And he and Paul Motian together are really remarkable. You know, they’ll do eight-bar trades, and that’ll go on for five minutes before they actually cycle into rest of the piece that they’re gonna play. They’re starting out trading eights with little eight-bar solos, which usually doesn’t happen till you’re halfway through a number, you know, you establish the melody and then you start going off into your improvisations. But they would just jump into that stuff right away.
Paul Motian was perfect for them because he’s a really subtle player. “My Foolish Heart,” which starts Waltz for Debby, is one of my favorite recordings of theirs. If you listen to Paul Motian’s brushwork in that recording, that’s the epitome of how he was able to work within the context of the trio. I always thought the three of them together were like three equal partners. You have the feeling it was three equal partners all working together on “My Foolish Heart.” Bill Evans loved to play American show tunes.
PM: Yeah, there are a couple on this record.
BM: Compare the opening on “Milestones” with the Miles Davis version. That’s Red Garland on piano [on the Davis version], who’s another one of my favorite piano players. It’s interesting to compare the openings on those two recordings.
PM: Can you talk a little bit about the differences?
BM: It’s more like the similarities, but you can hear the differences in the touch on the piano, I think. Red Garland was fast and quick and fluid the way that Bill Evans was, but he’s a little less light on the keyboard. That’s how I’ve always listened to it; he’s a little bit more pronounced. Bill Evans was always able to be noticeable and effective and emotive without a heavy touch on the keyboard. Even when he was doing block chords, he had what seemed to be a lighter touch than a lot of people.
PM: It’s interesting, because you said Paul Motian is a subtle player, but he’s not necessarily known for having a light touch. I mean, he’s an idiosyncratic player. I like his work with Keith Jarrett a lot. But from what I understand, around ’63, Evans asked Motian to pull back a bit. And then they split. He’s got a really distinctive style. He’s got a great, articulate kick drum. He’s got an interesting ride. But I mean, is he subtle? He’s very present.
BM: Yeah, that’s why I always felt that he was an equal partner in [the Bill Evans] trio. He just knew how to play with those guys. He knew when to back off, he knew when to come to the fore a little bit. They all did.
You mentioned Keith Jarrett. There are lots of piano players that were heavily influenced by Bill Evans. Chick Corea was certainly one of them and, and Keith Jarrett as well.
PM: Jarrett took the classical influence even further, right?
BM: Oh, absolutely. There were a lot of people who spun off what Bill Evans was doing. Took it further out. And maybe went in the direction that Bill Evans himself would have gone if he had lived that whole idea of spiritual jazz. A lot of people were going in that direction. And a lot of those people were influenced by Bill Evans. You mentioned Bud Powell. He was a big influence on Bill Evans. So was Lennie Tristano, and I think Horace Silver as well.
The emotion that his playing evokes is just so powerful, but he wasn’t very showy, you know. He had a self-esteem problem. And he was really self-critical all the time.
PM: One of my favorite jazz pianists is Mal Waldron. Talk about anguished playing. The polar opposite of Evans in some ways. He was also classically trained, but by contrast his playing is practically Gothic. Like, these pounding block chords. Just a very different kind of modal player. Pain is expressed differently in the music.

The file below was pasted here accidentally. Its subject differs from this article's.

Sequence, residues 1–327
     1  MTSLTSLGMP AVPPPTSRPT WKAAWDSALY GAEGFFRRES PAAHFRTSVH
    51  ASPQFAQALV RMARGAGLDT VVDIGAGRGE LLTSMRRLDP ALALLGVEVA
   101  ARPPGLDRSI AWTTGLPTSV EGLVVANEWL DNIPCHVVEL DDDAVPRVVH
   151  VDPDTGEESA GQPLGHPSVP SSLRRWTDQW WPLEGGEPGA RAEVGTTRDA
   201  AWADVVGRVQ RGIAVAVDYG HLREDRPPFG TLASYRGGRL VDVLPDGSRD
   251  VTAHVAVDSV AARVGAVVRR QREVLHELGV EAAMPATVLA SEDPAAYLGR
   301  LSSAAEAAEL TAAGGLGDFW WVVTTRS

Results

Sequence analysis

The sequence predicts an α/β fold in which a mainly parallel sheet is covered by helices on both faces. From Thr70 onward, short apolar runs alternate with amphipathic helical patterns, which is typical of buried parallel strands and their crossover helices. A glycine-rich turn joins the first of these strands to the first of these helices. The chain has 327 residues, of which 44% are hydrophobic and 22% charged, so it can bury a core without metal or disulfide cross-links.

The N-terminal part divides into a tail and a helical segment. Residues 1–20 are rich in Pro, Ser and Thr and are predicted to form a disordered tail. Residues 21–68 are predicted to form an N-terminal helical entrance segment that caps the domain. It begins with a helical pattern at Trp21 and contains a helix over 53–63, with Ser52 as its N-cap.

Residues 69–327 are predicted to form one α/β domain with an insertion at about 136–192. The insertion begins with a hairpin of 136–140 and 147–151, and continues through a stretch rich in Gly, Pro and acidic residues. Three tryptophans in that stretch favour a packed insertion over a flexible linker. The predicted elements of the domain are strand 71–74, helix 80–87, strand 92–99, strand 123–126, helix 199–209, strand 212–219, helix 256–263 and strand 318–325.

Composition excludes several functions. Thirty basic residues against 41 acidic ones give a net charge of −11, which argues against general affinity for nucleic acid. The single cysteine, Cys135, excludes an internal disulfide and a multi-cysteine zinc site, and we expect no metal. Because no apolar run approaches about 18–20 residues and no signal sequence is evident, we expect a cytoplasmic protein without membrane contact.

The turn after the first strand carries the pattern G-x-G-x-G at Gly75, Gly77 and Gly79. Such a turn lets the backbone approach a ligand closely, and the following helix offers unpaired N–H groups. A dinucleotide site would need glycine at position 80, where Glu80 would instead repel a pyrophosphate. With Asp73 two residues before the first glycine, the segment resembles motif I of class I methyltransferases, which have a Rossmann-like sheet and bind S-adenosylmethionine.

Do you remember the first time you heard Waltz for Debby?
BM: Well, I wasn’t listening to that much jazz in college. I was working at stations that were playing all this other stuff, classical at one station, pop at another, and adult contemporary at another.
When I hit the Bay Area for the first time, and I was working in radio, I thought, “Oh my God, KJAZ is here.” Everybody knew about KJAZ. I was listening to it all the time. I don’t remember when I first heard Bill Evans, but I loved his playing as soon as I heard it.
PM: When you moved to the Bay Area in the early ‘70s, what was KJAZ playing? That’s kind of an interesting time for jazz. Because bop and post bop had happened, and we’re almost in spiritual jazz and fusion territory by the mid ‘70s, right?
BM: It was primarily bop. It was hard bop depending on the time of the day or night. This was all dictated by the owner, by Pat Henry. This was not a station for fusion. When David Braun took over as general manager, he encouraged us to play more fusion because we needed the ratings. Pat hated that shit.
The base just loved West Coast jazz. But there was no smooth jazz. West Coast jazz was fine because Miles was doing it. Cool jazz was a thing, and everybody was embracing it because the bop players were doing it. But fusion, no.
PM: So much had happened in jazz since bop. Did you feel like it was a dated genre in some ways?
BM: You know, even when there were other genres that were coming out, and other styles of jazz, there was still plenty of bop being produced. The bop pioneers were still alive and still recording. So there were new albums coming out all the time by all these mainstays in bop. Coltrane was recording. Miles was recording. Dizzy was recording. They were all recording. There was plenty of that product coming in. So no, at KJAZ bop was not dated at all. It was still a mainstay. It always was.
You walked into the record library in that place, and there were twenty-five thousand albums. Every album you’d ever heard of was there. You could play any of it you wanted any time. And so—that library was the treasure. We were playing stuff that nobody had access to. The station capitalized on that library.
PM: Amazing. I think we’d better wrap this up—it’ll be plenty to transcribe. Thanks dad!